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Welcome to the 2023–24 school year! This year, the National History Day competition is celebrating its 50th anniversary, and now is your chance to get involved.

three students dressed as vikings

“Vikings: A Frontier of Sea Navigation” won the 2023 NMHS Junior Special Maritime Prize from Arkansas for a group performance. (L to R) Tiana Ward, Treveon Russell, Grace Albright, and Tre’Nae Allen. Congratulations! Photograph courtesy of Lisa Sabir.

Vikings in Arkansas? In April, four middle school students from Pinnacle View Middle School in Little Rock, Arkansas, dressed in Viking regalia to present “Vikings: A Frontier of Sea Navigation” at the National History Day (NHD) Arkansas state competition. Back in October these young historians, with the guidance of their teacher, Lisa Sabir, embarked on a research journey exploring the world of Viking navigation. They earned a spot at the state competition, where they were presented with the Junior Division Special Maritime Prize from NMHS.

In all, more than half a million students developed performances, exhibits, papers, websites, and documentaries related to the theme: “Frontiers in History: People, Places, Ideas.” The results are always impressive, providing a refreshing and inspiring young perspective on historical events.

Students from Virginia getting pumped up for the finals for the National History Day competition at the University of Maryland. Photograph courtesy of nhd.org.

Thanks to efforts by NMHS Chairman Emeritus, Ronald Oswald, we have celebrated the outstanding achievements of these young historians for more than twenty years. The Society awards Special Maritime Prizes in both junior and senior categories: a one-year membership / Sea History subscription and recognition on the NMHS website. Additionally, first-place projects receive a $100 scholarship, while second-place winners are awarded a $50 scholarship.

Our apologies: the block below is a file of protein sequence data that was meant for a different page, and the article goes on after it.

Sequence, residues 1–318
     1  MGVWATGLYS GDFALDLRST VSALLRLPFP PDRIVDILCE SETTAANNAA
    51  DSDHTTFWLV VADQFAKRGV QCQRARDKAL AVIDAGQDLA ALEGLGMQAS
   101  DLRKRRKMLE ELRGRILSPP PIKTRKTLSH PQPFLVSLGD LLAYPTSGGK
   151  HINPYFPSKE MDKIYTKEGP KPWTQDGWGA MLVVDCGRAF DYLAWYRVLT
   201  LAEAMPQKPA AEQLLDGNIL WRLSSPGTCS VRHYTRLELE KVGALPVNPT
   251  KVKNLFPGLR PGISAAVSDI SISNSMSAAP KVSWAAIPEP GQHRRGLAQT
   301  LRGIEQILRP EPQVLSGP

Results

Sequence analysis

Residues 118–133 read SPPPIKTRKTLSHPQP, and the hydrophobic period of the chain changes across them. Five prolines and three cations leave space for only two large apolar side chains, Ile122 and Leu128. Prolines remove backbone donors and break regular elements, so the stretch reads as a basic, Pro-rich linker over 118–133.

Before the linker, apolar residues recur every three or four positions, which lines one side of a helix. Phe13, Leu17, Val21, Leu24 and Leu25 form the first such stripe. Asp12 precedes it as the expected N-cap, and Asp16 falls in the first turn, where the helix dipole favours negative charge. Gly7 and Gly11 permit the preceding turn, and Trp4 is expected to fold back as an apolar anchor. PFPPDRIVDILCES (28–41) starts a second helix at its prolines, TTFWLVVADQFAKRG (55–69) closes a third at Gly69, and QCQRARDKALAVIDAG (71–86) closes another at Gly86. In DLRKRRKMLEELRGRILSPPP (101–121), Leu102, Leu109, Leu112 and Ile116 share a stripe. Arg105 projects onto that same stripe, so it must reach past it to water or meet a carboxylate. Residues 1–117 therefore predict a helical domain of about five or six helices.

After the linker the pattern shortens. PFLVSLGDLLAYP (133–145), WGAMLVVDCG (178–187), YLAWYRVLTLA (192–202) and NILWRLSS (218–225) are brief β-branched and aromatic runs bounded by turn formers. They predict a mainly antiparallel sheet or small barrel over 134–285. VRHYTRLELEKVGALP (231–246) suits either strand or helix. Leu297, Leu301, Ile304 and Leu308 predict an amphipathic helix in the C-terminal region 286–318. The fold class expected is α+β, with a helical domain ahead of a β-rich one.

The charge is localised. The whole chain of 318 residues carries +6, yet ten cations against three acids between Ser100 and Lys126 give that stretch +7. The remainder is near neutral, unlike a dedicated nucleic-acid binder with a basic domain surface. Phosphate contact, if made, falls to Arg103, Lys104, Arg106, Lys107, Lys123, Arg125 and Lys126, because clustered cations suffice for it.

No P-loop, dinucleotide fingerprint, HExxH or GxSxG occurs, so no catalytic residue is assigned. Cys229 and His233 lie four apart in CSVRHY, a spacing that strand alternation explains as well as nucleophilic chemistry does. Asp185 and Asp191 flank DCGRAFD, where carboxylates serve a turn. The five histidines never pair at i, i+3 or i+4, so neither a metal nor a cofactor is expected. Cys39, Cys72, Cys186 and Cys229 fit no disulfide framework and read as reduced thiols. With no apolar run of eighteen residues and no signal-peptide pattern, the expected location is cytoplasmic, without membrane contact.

This year, 53 students from 16 states explored frontiers in naval history, maritime scientific innovations like submarines and the aqualung, and broader themes that included the maritime frontiers of the British Empire and the construction of the Erie Canal. Personal frontiers were also celebrated, with projects focusing on Ernest Shackleton’s Antarctic expedition and the inspiring story of Gertrude Ederle, the first woman to swim the English Channel. Of course, students’ fascination with certain subjects, like pirates or the sinking of the Titanic, never wanes; every year there are always a couple of projects dedicated to these favorites!

Two students showing their booth

Lucas Frechette of Maine won First Place for his project, “U-Boats During WWII off the Coast of Maine.”

As National History Day commemorates its 50th anniversary this year, the theme for 2024, “Turning Points in History,” invites students to explore ideas, events, and actions that have sparked transformative change. Now is the time to get started! Students can find guidance on research and how to prepare on the NHD website, www.nhd.org. Projects on maritime-related topics by students from participating states will be considered for the NMHS special prizes.

For more information on National History Day and to learn about the competition in your state, visit the NHD website at www.nhd.org. For information on the NMHS Special Maritime Prize (or to get involved as a volunteer judge), please contact NMHS at 914-737-7878 or via email at nmhs@seahistory.org.

By recognizing young historians like those from Pinnacle View Middle School, NMHS’s Special Maritime Prize is fostering interest in historical exploration and keeping the allure of maritime history alive and well!

Did You Know?

Powder Monkey

The Age of Sail was said to be the domain of “wooden ships and iron men,” but sailing ships also had boys on their official crew lists.

Today, you have to be 14 years old before you can get a job in most states in the US, but in the Age of Sail both merchant ships and navy vessels signed on boys as young as seven years old as regular members of the crew.

What were these kids doing on board sailing ships?

Learn more at Kids as Crew